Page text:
But the shadow has fallen again. This time the problem is neither as concentrated nor as easily tackled as that of pesticides or pollution. This time the problem is the disappearance of nature itself.
Biodiversity loss is now lining up to be the greatest man-made crisis the world has ever known. Biologists call it the Sixth Great Extinction, or the Holocene extinction event, after our current geologic time period. (The five previous extinction events all came before the evolution of Homo sapiens, apparently triggered by a cataclysmic event or combination of events, such as a fall in sea level, an asteroid impact, volcanic activity.) Mass extinctions are different in kind from what specialists term “background” extinctions, the rare but regular loss of between one to ten species per decade. Two hundred and fifty million years ago, the most catastrophic, “the Great Dying” of the Permian age, wiped out over 90 percent of all species in the oceans and70 percent on land. It took tens of millions of years for life to recover.
The current extinction rates are alarming enough. Preeminent biologist E. O. Wilson believes we stand to lose half of all species by the end of this century. Of the 45,000 species evaluated in the 2008 Red List, issued by the International Union for Conservation of Nature, 17,000, or nearly forty percent, may vanish. Conservative estimates suggest that the extinction rate in the modern era has reached a hundred to a thousand times normal.
Climate change further exacerbates biodiversity loss, and each of these crises magnifies and intensifies the effects of the other. As the planet warms and dries in some areas, species are pushed out of niches they currently occupy. Some of them, including the emperor penguin in Antarctica and the polar bear in the Arctic, have nowhere to go. Worldwide, as water temperatures rise and ponds dry, exposing amphibians and their eggs to ultraviolet radiation and disease, a third of those species are threatened with extinction. As people burn forests for agriculture and grazing, as they replace native vegetation with mono-culture crops that discourage cloud formation, they alter the dynamic relationship between the earth’s surface and the atmosphere, initiating further drying and warming, and further species loss.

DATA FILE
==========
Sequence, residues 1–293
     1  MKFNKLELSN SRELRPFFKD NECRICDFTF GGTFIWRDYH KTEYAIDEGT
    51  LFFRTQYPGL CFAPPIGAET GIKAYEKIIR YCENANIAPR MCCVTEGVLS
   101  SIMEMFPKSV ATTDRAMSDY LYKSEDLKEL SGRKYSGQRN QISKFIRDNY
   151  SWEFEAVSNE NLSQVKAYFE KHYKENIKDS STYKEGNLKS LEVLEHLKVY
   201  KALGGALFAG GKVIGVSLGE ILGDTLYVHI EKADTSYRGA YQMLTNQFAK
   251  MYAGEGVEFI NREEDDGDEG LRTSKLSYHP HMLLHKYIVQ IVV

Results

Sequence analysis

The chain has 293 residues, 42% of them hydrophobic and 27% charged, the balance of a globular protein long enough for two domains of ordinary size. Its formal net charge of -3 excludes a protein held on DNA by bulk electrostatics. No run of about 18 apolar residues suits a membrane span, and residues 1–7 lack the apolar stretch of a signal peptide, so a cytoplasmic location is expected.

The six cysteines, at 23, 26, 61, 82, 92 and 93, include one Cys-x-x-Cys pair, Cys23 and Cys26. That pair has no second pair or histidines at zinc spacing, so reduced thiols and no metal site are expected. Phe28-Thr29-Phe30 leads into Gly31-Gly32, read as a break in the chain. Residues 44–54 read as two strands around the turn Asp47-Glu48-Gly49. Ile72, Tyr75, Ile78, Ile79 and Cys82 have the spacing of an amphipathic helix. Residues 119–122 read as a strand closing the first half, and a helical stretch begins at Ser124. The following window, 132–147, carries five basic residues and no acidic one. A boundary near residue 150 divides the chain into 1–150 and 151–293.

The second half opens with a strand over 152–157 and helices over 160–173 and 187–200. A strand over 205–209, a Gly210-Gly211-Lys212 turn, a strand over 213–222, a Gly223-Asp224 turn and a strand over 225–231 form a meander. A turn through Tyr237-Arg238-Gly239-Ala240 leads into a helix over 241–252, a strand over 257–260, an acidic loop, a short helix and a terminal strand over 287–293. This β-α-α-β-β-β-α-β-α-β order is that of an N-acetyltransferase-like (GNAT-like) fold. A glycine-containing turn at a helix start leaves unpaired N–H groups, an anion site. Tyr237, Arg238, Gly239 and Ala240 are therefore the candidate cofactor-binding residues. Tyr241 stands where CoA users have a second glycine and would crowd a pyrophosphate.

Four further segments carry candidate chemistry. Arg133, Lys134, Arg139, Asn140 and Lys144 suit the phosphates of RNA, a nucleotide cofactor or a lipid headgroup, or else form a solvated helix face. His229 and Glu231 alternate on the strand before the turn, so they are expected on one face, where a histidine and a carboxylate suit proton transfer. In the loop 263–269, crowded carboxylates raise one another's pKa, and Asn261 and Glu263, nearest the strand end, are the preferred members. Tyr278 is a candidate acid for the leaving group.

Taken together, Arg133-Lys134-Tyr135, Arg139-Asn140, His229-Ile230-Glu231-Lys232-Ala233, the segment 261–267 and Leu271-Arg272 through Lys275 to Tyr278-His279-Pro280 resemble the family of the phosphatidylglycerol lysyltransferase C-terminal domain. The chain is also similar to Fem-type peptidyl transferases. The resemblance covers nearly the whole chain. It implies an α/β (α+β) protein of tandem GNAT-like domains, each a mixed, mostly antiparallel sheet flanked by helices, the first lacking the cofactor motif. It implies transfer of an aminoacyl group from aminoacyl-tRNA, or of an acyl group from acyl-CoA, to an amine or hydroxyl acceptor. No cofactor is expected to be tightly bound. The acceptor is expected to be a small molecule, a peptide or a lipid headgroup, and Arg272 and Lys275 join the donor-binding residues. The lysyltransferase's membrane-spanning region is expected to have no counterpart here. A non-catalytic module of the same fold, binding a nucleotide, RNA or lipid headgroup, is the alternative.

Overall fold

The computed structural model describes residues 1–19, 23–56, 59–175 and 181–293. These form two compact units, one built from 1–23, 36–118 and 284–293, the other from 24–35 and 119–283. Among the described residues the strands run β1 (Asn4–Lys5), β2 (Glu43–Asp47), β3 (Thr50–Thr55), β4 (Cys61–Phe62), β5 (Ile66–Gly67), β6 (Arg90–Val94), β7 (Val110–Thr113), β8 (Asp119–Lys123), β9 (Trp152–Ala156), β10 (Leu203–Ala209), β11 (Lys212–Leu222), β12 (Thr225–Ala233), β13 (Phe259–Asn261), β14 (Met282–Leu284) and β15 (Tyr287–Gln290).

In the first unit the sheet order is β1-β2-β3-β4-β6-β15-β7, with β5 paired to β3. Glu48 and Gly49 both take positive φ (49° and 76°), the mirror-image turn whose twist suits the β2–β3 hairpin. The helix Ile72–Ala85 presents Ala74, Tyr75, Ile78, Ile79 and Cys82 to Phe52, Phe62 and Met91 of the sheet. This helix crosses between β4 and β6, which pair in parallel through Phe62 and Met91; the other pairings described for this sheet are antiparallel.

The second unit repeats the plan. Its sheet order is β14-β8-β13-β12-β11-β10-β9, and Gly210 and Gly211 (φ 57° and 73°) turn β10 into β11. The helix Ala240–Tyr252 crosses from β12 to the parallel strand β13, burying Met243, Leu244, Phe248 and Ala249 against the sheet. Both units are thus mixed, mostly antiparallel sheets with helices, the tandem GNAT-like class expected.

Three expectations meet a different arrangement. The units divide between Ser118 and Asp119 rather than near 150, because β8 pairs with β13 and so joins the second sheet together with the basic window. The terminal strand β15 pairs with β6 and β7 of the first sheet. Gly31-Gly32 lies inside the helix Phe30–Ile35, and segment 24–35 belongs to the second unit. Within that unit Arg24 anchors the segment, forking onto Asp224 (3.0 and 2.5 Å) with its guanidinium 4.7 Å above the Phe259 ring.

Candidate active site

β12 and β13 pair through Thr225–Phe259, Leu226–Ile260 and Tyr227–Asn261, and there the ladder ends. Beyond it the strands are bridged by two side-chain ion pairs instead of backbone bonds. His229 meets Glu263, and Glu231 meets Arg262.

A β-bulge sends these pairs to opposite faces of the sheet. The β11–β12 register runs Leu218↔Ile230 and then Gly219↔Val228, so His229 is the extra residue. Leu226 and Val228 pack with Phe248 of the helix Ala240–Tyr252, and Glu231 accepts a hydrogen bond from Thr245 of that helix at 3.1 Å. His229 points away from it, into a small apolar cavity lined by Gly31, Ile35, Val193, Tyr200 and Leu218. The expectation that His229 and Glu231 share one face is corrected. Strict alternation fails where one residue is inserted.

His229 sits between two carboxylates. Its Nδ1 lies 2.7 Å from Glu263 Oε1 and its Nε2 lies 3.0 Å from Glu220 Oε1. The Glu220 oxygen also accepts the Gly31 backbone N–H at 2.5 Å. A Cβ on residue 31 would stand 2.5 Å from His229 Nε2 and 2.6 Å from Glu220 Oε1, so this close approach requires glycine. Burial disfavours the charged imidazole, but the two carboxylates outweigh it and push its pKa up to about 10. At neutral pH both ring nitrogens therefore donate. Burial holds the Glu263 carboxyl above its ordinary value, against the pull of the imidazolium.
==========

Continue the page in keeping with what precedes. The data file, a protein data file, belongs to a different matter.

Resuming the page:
Why do species matter? Why worry if some go missing? Part of the answer lies in the relationships coming to light between creatures like the canyon coyotes and the chaparral birds. After the nineteenth century’s great age of biological collecting, when collectors filled museums to bursting with stuffed birds and pinned beetles, the twentieth and twenty-first centuries have proved to be an age of connecting. Biologists have begun to understand that nature is a chain of dominoes: If you pull one piece out, the whole thing falls down. Lose the animals, lose the ecosystems. Lose the ecosystems, game over.
This was the essential insight of conservation biology, a new scientific field launched with the determination to identify threats to ecosystems and to design the methods to deal with them. E. O. Wilson has called it “a discipline with a deadline.” The Society for Conservation Biology, founded in 1985, became one of the fastest-growing scientific organizations of its time, bringing together diverse specialties from ecology and population genetics to sustainable agriculture and forestry, revolutionizing the once sleepy field of natural history.
The tremendous variety of species held in wilderness areas, particularly the tropics, is our bank and lifeline, our agricultural and medical insurance policy. Three-quarters of the world’s food supply comes from twelve plant species, but those species are dependent on thousands of others: pollinators (insects, bats, birds), soil microbes, nitrogen-fixing bacteria, and fungi. The tropical rain forests contain a pool of genetic diversity for important food crops, a source for vital new strains that can be hybridized to fight pests and diseases. Botanists are combing the planet for wild ancestors of soybeans, tomatoes, hard wheat, and grapes, believed to contain valuable genes for drought tolerance and other characteristics, but much diversity has already been lost. Genetic engineering alone cannot replace what hundreds of millions of years of evolution have given us. Wild replacements for pineapples, pomegranates, olives, coffee, and other crops lie in biodiversity-rich areas that must be saved.